During the course of 2019, Russia renewed its effort to exert its presence beyond Eurasia and Syria — its most recent target is Africa.
In October, the president of the Central African Republic (CAR) Faustin-Archange Touadéra revealed that he was open to the prospect of a Russian military base in the country. In an interview with Russian state media, Touadéra said that he has asked Russia for more shipments of military hardware for his forces.
Since 2012, CAR has found itself embroiled in a civil war between the government and rebel forces. By some estimates, over 1.2 million people have been displaced by the conflict in a country of just over five million: This is the highest rate of displacement of any country.
While the government of the Central African Republic has received extensive support from the Russian government, including arms and training, it is not the only country that has sparked Moscow’s interest. In September, it was announced that Russia will be building a logistics center in Eritrea at one of the east African country’s ports.
This comes as the Kremlin hosted the first ever Russia-Africa summit. The gathering sought to further improve relations between Moscow and the African continent. Though total trade with the continent is still relatively small compared to that of Africa with Europe or China, Russia still has a significant market share in select sectors, namely arms, energy, and minerals.
In the past couple of years Moscow has also undersigned loans and concluded agreements to introduce nuclear energy to countries such as Egypt, Ethiopia, and Sudan. At the same time, it has also been advancing its position when it comes to mining. These are all sectors in which Russia possesses significant technical know-how, enabling it to punch above its weight in the absence of large overall trade. These are also long term projects, which secure Russia’s position in the region while, at the same time, increasing its exposure to risk.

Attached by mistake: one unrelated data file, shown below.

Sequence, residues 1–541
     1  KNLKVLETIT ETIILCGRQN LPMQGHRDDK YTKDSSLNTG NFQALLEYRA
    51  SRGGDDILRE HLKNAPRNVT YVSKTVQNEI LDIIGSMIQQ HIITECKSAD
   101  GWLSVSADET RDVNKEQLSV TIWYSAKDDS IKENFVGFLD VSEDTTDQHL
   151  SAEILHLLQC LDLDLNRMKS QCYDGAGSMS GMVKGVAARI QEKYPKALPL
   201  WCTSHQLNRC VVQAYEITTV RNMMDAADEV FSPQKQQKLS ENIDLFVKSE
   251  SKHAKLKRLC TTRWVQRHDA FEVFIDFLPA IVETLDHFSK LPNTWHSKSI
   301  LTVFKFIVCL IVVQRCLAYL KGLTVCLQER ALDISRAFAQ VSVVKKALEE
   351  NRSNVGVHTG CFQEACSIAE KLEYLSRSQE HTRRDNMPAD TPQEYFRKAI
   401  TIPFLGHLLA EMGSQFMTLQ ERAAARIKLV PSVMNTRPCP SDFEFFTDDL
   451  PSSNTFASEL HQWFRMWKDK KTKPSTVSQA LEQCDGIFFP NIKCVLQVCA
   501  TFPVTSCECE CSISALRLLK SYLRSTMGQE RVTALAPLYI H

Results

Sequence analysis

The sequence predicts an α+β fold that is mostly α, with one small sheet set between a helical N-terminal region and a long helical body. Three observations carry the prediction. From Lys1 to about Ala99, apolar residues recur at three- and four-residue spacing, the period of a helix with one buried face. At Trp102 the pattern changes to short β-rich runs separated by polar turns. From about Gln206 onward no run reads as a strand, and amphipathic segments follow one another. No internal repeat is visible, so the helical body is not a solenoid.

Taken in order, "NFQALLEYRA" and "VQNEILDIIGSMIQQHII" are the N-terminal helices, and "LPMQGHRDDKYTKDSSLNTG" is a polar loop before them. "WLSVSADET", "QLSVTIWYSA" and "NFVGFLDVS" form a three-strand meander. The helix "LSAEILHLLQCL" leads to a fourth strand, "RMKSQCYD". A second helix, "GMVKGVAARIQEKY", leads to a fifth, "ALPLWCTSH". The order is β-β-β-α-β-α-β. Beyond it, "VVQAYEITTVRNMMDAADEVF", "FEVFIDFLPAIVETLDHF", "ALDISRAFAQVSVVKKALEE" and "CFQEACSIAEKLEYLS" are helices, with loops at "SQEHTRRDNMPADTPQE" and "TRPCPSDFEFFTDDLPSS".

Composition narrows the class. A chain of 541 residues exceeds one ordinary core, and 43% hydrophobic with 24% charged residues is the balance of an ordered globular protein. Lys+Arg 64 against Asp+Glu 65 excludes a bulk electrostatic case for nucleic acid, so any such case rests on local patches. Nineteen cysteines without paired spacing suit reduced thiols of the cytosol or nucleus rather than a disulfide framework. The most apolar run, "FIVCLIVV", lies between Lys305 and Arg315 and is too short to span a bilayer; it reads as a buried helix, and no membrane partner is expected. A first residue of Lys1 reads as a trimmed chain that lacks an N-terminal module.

All this represents the first major return to the African continent since the days of the Soviet Union. The communist state was highly influential in the continent and had allied with several African countries, such as Angola, Mozambique, and others. But the collapse of the USSR and the economic downturn of the 1990s resulted in a massive curtailment of Russian involvement in Africa.
Unlike its predecessor state, however, Russia’s ongoing efforts are entirely non-ideological. Like China, Russia is offering deals which do not involve any political conditions or demands of reform. These requirements have caused friction between many African and western countries and institutions, such as the International Monetary Fund. The emergence of rival models will likely force the U.S. and Western European states to reconsider their approach to Africa — which had largely been Europe’s “backyard” — as the African countries are offered a greater choice of partners.
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